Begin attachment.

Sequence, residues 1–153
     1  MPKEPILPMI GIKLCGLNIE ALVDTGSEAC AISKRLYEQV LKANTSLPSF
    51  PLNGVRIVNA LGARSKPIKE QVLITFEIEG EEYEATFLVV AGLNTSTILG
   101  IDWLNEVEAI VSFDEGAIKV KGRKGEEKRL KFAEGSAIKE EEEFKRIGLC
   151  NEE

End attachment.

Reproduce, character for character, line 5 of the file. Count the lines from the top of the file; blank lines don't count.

   151  NEE